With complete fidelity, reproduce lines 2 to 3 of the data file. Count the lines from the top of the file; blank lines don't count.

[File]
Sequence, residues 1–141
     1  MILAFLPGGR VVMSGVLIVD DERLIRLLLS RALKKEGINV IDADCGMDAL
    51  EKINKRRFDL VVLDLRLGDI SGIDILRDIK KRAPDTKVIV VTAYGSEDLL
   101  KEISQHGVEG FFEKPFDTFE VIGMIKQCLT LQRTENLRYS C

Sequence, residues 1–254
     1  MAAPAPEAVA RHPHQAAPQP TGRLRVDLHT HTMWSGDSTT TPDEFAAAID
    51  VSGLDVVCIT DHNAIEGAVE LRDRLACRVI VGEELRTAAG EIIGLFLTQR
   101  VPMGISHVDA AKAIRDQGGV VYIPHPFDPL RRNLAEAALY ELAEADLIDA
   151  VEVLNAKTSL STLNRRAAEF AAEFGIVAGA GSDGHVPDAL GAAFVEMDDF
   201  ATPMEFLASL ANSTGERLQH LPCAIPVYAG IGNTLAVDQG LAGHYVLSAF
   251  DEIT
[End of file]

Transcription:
     1  MILAFLPGGR VVMSGVLIVD DERLIRLLLS RALKKEGINV IDADCGMDAL
    51  EKINKRRFDL VVLDLRLGDI SGIDILRDIK KRAPDTKVIV VTAYGSEDLL